Friday, May 11, 2018
And So Begins the Process
So now we are writing, hopefully on a regular basis. We know this is something we want to do, something we enjoy, and something that offers us that certain thrill of creation. Sometimes, we even dare to call ourselves “writers.” How can this get better?
“The Process” is how.
Teacher and award-winning author Barbara Gregorich told me her three categories for developing the writing process: Psychological, Organizational, and Mechanical. In case you haven’t figured it out, the Psychological part comes early on when we start exploring our writing and discovering who we are as a writer. The past several posts quietly set the psychological table (though it is far from over). In some ways, the development of the Psychological part of the process never stops.
The focus for this post is about Organizational, and that word may be a little misleading. The important part of this step is knowing what you want to write well enough to accomplish the task, which includes understanding when your idea has changed into something else. It sounds simple, but the application is the tricky part.
Let’s say you want to write a coming-of-age story set in the Midwest. Easy enough, yes? Well, let’s organize this. Let’s ask some questions that will narrow down the idea to something very precise and targeted.
When does the story take place? Not just the year, but is it told as a narrated flashback or as it happened? As a series of short stories at various times? Is it historical?
How is the story told? Is the narrator telling their story or someone else’s story? Is it in first-person or third-person? Is the narrator biased or unreliable? Is the reader supposed to know this? Is it told in past-tense or present-tense (so very important)?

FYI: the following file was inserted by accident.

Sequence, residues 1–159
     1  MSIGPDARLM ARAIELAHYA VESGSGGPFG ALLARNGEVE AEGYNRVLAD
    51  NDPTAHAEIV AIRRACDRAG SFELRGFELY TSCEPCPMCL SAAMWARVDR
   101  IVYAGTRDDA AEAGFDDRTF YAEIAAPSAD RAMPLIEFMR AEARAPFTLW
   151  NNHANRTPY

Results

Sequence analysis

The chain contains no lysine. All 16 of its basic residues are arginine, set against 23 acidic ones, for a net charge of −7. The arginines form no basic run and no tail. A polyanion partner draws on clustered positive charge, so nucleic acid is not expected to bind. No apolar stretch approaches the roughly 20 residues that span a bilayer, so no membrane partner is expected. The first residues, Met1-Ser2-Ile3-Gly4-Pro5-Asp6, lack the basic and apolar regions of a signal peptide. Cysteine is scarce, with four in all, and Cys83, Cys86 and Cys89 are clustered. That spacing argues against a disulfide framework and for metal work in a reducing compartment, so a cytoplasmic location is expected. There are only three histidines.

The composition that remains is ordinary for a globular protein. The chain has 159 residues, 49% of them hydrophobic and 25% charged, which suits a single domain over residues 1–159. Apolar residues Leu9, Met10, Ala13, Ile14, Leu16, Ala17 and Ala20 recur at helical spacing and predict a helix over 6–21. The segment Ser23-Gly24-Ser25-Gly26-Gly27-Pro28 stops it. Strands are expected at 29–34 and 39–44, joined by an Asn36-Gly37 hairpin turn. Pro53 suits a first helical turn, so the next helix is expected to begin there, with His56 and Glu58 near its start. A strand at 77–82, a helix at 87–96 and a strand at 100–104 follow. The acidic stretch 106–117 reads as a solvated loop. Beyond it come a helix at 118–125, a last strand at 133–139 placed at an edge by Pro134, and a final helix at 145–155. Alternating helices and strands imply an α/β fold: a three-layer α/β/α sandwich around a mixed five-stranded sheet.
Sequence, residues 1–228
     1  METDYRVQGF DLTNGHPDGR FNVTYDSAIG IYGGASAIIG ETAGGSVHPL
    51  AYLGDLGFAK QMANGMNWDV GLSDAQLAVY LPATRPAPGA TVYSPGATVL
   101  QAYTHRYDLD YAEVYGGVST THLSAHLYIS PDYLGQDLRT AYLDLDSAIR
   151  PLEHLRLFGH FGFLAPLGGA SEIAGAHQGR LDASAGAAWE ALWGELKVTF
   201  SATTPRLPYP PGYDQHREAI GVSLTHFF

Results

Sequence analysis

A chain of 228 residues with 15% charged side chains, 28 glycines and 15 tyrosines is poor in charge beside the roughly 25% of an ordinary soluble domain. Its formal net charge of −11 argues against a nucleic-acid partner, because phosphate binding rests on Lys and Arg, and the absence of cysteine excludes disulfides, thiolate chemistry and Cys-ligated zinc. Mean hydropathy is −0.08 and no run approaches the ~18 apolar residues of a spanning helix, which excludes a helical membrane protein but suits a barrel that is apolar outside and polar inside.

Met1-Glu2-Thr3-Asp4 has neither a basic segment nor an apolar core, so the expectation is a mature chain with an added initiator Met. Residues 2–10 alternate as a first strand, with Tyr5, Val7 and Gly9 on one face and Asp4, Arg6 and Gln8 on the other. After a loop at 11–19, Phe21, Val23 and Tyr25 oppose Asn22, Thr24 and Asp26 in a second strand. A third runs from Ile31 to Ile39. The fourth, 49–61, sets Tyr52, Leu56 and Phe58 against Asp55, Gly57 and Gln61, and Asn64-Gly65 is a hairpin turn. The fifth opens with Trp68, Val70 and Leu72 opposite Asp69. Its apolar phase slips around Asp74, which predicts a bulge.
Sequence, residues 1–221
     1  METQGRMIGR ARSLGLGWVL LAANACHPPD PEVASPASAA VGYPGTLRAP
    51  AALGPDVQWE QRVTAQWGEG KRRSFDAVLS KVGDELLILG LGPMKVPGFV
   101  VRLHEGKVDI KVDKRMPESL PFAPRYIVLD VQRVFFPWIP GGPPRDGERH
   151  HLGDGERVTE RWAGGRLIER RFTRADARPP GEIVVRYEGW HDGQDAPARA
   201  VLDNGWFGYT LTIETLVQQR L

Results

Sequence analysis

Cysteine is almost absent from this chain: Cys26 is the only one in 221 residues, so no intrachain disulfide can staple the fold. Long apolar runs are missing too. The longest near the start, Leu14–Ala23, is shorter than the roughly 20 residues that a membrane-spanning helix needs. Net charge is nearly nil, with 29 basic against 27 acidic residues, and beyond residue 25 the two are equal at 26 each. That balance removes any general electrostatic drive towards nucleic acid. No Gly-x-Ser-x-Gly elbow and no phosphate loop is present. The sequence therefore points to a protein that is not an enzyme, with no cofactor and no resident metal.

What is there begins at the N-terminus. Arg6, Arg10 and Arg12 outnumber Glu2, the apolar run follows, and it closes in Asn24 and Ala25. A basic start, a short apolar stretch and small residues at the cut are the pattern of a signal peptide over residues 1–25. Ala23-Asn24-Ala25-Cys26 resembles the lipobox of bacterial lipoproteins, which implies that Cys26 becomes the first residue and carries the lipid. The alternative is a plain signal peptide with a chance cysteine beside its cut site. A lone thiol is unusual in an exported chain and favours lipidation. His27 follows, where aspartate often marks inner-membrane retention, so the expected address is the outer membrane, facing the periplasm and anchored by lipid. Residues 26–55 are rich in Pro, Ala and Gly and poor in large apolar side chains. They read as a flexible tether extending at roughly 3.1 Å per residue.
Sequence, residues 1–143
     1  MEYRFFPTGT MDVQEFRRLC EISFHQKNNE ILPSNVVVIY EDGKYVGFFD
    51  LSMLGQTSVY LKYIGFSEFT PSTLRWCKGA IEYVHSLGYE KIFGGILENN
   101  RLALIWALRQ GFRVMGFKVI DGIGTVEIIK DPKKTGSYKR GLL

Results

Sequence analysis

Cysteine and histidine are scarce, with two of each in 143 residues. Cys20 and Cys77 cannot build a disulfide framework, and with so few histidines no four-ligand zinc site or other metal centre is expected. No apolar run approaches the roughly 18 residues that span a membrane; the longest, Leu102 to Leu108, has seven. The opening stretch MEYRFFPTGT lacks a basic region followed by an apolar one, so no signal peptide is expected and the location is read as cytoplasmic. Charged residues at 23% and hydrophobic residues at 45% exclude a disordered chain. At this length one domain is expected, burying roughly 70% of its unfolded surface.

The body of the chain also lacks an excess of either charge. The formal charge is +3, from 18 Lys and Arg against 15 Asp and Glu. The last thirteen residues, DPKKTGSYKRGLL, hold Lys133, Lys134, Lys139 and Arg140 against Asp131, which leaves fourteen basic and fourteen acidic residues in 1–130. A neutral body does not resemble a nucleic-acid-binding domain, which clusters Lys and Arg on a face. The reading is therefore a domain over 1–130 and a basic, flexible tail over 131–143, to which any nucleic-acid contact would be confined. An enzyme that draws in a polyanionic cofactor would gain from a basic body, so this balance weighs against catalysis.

Why is the story being told? As the writer, you know this one already, but what should the reader take away from this? Is there a lesson to be learned? Should the reader be inspired by the main character’s journey, impressed by their sacrifice, horrified by their actions? Stories that have a bunch of events happen but never offer the reader a reason why are referred to as BOSH – Bunch Of “Stuff” Happens (pick any s-word for Stuff). They’re fun to write and interesting to read but they miss a chance to be so much more.
What are the elements for the story? Theme and mood can really liven up a story, and knowing it beforehand can infuse every word. Is there a sense of dread? Urgency? Is our coming-of-age character facing problems they can’t escape or don’t want to face? Does it feel like their world is falling apart? Changing when they need consistency?
Also, what is the voice of the piece? Light-hearted, comical, horrifying, dreadful, aloof, serious, darkly humorous? This also ties together if your writing is for a target audience. Coming-of-age stories that appeal to the young adult crowd might not work with a serious voice, while children’s books usually avoid dark humor (but not always). When the voice of the piece can work with the theme and mood, they harmonize into very effective writing.
Taking our idea of a coming-of-age story in the Midwest and pushing it through these questions is how we apply the Organization part of the process. After running the idea through that mill, I ended up with a twenty-something guy in Chicago in the 1990s, trying to hold together the ideal life as it starts spinning out of control. It’s in the third-person, voiced from our protagonist’s point-of-view, using flashbacks to fill in his backstory. While written with a soft humor and sophomoric mood, the underlying message is about escaping a life of denial and facing up to the world’s harsh realities. And yes, this is now a working manuscript: Easier than the Truth.
That is how this part of our process saves us a lot of rewrites and a bunch of grief. At that point, we are ready to write. More importantly, we are ready to know what we are writing, and we know when it’s changing into something else.